Time to face the music for amateur guitarist
Folks, guitarists and golfers have one thing in common, apart from blistered fingers.
When asked "are you any good”, they'll rarely admit they are, no matter how well they play. But I have met one exception.
I'd been called to help at a party because the guitarist hadn't shown up. While I was tuning my guitar and yodelling a few scales to warm up the vocal cords (which, as usual, started the neighbourhood dogs howling) some grinning hippy plopped down beside me.
I immediately picked him as a fellow "twanger” and asked, "are you any good”.
"I'm better than you,” he replied. Look, most people are, including all the people I've taught to play the guitar over the years.
Kindly people would describe my style as "campfire classic”. Basically, if you need someone to belt out a medley of tunes, in a workmanlike manner, around the bonfire when everyone is slightly tipsy, ready for a good time and knowing the right words isn't all that important, then I'm your man.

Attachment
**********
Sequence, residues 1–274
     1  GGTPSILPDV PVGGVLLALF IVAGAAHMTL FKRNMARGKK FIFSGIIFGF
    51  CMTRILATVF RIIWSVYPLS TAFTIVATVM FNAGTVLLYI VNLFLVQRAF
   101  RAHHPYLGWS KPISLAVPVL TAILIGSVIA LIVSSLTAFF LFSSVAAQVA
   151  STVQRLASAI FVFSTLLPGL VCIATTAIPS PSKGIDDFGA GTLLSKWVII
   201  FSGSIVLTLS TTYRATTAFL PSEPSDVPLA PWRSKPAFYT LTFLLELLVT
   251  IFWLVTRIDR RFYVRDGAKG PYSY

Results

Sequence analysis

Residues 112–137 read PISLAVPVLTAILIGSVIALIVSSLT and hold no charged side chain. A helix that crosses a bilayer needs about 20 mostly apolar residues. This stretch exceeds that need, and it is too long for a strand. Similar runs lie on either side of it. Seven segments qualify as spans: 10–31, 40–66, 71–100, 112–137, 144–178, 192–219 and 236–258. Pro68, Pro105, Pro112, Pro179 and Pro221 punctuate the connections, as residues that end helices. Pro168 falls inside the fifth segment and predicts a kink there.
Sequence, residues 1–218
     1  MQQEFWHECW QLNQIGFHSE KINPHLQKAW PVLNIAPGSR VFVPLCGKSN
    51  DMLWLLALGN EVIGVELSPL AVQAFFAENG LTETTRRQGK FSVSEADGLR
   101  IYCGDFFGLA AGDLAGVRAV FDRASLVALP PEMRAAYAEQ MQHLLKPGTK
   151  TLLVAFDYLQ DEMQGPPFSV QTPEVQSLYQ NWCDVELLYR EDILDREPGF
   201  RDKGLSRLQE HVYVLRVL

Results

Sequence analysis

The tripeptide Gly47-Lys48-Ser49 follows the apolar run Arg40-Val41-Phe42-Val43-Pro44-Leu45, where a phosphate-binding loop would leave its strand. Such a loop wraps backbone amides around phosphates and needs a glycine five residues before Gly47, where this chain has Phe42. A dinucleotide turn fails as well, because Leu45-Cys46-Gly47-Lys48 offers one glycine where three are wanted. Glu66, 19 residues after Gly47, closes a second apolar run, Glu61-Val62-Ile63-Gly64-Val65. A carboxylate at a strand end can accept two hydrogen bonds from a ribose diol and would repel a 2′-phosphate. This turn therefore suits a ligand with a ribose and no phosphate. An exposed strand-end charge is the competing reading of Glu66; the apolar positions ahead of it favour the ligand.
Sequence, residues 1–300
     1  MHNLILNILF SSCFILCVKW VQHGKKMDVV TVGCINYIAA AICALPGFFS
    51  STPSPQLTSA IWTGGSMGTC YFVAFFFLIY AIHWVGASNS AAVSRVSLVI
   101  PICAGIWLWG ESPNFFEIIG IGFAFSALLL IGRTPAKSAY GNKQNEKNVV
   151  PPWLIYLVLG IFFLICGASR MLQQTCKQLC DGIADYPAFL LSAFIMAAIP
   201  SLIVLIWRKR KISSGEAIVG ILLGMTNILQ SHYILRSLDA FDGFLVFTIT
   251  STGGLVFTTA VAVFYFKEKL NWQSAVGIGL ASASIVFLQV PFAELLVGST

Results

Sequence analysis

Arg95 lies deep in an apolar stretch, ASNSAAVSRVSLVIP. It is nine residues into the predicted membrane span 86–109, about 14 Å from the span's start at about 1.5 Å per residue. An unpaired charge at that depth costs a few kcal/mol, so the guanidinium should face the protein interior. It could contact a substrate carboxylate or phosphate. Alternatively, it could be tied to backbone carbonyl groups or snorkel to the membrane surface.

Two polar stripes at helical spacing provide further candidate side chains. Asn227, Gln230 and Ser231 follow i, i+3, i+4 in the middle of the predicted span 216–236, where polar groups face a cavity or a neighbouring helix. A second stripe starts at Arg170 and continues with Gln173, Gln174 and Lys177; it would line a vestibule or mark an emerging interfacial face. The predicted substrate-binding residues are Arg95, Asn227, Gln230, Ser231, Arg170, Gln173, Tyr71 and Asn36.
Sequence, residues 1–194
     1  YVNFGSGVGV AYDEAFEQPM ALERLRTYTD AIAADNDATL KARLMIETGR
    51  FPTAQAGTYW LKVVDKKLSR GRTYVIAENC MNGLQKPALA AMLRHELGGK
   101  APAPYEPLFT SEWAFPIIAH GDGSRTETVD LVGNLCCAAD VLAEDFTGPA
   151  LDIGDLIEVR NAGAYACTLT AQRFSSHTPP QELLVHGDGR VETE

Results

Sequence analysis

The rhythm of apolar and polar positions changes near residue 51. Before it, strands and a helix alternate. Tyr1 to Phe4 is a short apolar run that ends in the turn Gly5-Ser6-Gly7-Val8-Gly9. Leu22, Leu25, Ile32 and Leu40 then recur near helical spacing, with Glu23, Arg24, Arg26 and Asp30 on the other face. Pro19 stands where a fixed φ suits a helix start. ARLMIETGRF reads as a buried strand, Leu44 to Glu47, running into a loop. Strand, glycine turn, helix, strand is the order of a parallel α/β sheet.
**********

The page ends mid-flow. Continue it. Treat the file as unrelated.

Still, my hackles bristled.
"How do you know you're better than me?” I asked. He held out his left hand, it looked like he'd had a leather glove sewn on to it. Prising the guitar from my hands he played a tune that stopped the crowd talking and the dogs wailing.
I've met players who were pretty good. I've heard a handful of great guitarists who made their instruments talk. This bloke could have got my battered guitar to walk down to the shops, buy a bottle of milk and come back with the correct change.
He was amazing.
Unfortunately, his other great gift was inhaling huge quantities of smoke from herbal cigarettes. This made him a tad unreliable when it came to things like turning up on time, attending the correct party or remembering his instrument.
In short, this was the musician my host had booked in the first place.
I may not be a great guitarist but, that night, I was better than the virtuoso lying asleep in the garden bed.